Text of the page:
Tuesday, December 12, 2006

A Reader Harkens Back to the Good Old Days, When Syllabi Didn't Have to Be Scoured for Loopholes

25 years ago, when I was an undergraduate, a syllabus for a class would be at most 2 sheets of paper that contained not much more than the text assignments, course schedule and the office hours and phone number of the instructor.

The syllabi that I compose are twice as long and include items such as what constitutes appropriate behavior, what constitutes cheating, and the various consequences of a student's action (or inaction). If I don't include these missives (and the student has a complaint) then like as not the administration sides with the student.

The syllabus has morphed into a document more closely resembling a contract than a source of information on the course and a part of my time and is spent checking for loopholes when I compose a new one. I'm spending a disproportional amount of energy for a small percent of students. The insult to injury is that most students don't even read their syllabus. I have a 25-point syllabus worksheet that's due on the second class day and a 25 point syllabus quiz on the fourth day of lecture. I never mention the quiz (which is mentioned in the syllabus and has the exact same questions as the worksheet) and there are always students who are caught by surprise and are angry that I did not mention the quiz in the previous lecture. Many students also seem angry when their question, "When is the next exam?" or, "When is the assignment due?" is answered with, "Look in your syllabus," as I can't keep track of the schedule for each of the 3 classes I teach each quarter.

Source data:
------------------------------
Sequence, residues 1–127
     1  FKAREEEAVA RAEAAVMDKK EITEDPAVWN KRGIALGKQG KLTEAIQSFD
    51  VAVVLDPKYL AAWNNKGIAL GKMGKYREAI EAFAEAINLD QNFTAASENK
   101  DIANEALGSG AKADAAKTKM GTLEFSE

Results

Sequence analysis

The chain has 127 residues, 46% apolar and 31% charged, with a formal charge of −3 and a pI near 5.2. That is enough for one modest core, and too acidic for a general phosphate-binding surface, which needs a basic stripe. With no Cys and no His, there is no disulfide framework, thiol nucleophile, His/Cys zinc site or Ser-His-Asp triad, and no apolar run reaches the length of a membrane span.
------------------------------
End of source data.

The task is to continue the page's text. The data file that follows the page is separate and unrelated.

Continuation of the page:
I guess the part that gets my goat is the number of students, still fewer than 50%, who won't accept responsibility for anything they do. Either they were not informed, they lost the document with the information, or they should not be held to the same standard as the rest of their classmates.